21.5km Meadows, Portobello Edinburgh Cycle
This route follows National Cycle Route 75, which is mostly well-paved with one pedestrian overpass where you will need to carry your bike. Ride to sights such as Calton Hill, the Royal Yacht Britannia, Portobello Beach, and Holyrood Park (which you can easily ride around following the quick detour instructions given below).
Our route starts at Calton Hill.
One will most likely not get a more picturesque viewpoint of the city, and beyond, than at Calton Hill. Monuments and buildings are scattered over the hill such as the National Monument, Nelson Monument, and City Observatory. The National Monument, meant to resemble the Parthenon in Athens, was to serve as a memorial to the Scottish soldiers and sailors in the Napoleonic War. However, due to a lack of funds was left unfinished which, in typical Scottish fashion, then developed a few nicknames such as “Edinburgh’s Disgrace” and “Scotland’s Folly”. You will most likely find several people posing for photos between the pillars.
Exit down the stairs then turn right onto Regent Road then right onto Leith Street. At the next big intersection, turn left onto York Place.
At the second traffic light, turn right into Dublin Street/National Cycle Route 75.
At the green patch, follow the curve right onto Scotland Street. At the island on the road with trees, turn left around it and into King George V Park to follow the National Cycle Route 75 pathway.
At the small roundabout in the park, turn right then follow the curve into the short Rodney Street Tunnel. At the tunnel exit, continue to follow the pathway, National Cycle Route 75.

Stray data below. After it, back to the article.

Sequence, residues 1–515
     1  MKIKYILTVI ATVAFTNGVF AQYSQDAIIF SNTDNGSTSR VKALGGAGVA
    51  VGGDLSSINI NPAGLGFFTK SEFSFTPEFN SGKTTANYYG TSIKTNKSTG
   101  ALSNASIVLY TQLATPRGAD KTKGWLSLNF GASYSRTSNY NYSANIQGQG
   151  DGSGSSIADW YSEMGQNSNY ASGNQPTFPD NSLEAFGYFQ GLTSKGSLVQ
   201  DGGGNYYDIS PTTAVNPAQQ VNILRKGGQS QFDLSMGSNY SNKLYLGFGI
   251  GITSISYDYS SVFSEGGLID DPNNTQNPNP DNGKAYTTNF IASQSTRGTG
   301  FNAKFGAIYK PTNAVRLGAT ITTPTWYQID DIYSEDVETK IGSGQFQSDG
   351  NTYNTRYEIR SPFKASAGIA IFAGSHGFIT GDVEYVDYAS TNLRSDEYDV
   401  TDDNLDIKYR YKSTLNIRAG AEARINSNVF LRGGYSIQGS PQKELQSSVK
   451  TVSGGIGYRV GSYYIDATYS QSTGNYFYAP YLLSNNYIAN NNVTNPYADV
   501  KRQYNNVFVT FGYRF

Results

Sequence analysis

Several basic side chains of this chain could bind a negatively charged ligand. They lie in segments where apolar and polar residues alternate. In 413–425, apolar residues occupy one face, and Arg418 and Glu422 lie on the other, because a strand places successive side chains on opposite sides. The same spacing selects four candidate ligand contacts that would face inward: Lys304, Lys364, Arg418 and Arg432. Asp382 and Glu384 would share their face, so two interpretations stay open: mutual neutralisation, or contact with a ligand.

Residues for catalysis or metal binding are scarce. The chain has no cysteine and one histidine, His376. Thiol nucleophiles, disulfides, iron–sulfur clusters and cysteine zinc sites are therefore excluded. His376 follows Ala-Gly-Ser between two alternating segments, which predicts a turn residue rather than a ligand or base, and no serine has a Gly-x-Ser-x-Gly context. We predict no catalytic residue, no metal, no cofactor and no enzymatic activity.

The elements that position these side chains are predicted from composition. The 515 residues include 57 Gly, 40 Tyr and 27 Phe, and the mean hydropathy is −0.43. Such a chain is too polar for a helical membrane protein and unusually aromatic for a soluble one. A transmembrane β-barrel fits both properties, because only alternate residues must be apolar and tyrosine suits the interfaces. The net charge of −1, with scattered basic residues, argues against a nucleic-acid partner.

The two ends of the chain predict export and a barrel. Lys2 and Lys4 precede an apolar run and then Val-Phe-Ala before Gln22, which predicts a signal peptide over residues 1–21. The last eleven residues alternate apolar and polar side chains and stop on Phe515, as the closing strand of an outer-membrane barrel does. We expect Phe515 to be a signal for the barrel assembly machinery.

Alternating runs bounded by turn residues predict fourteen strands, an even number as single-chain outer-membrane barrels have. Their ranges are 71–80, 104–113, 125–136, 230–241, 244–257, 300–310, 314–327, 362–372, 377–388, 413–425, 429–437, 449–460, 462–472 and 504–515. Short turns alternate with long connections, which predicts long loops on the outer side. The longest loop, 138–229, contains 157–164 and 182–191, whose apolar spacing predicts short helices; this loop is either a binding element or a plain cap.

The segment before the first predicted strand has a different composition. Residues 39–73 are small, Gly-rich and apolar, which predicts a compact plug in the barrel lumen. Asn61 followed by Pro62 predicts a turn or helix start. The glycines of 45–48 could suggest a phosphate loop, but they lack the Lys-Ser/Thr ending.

After crossing the short bridge over the Water of Leith, continue slightly right through the trees to stay on the cycle route. Part 5 of the 21.5km Meadows, Portobello Edinburgh Cycle
Continue following the signs for National Cycle Route 75 eventually riding along the Water of Leith and under a bridge.
A few hundred metres after the bridge, turn right into Coburg Street then left into Dock Street.
Cross over Commercial Street into the path between the gap of buildings. At the roundabout, turn left into Victoria Quay.
At the next three-way, take the second exit onto Melrose Drive.
Take the next street right into Whiskey Quay which will lead you to the Royal Yacht Britannia.
The Royal Yacht Britannia has sailed over 1 million nautical miles (1.85 million km) since its launch in 1953. The Britannia mainly served as a place of residence for state visits, family holidays, and honeymoons for the Royal Family. This yacht is the last of 83 Royal Yachts and went on 968 state visits over the last 44 years and hosted some important political figures such as Sir Winston Churchill, Nelson Mandela, and Ronald Reagan.
Today, you can take a tour aboard and see the State Apartments, Tearoom where you can have afternoon tea and sandwiches, and Below Deck to see the inner workings of this magnificent piece of history. Fun fact, all the clocks onboard are stopped at 3:01 pm which is the exact time Queen Elizabeth II was saluted on board for the last time during the Yacht’s decommissioning ceremony in 1997. You can purchase your tickets here and find out more here.
Go past the Britannia (on your left) around the marina onto Ocean Drive.
Ride over both bridges then turn right at the Victoria Swing Bridge onto the pathway along the waters on the Shore.
At the second bridge, turn left onto Tolbooth Wynd and continue onto Queen Charlotte Street which becomes Links Place then Links Gardens.
Just after Links Garden Lane, turn slightly right to continue on Links Gardens.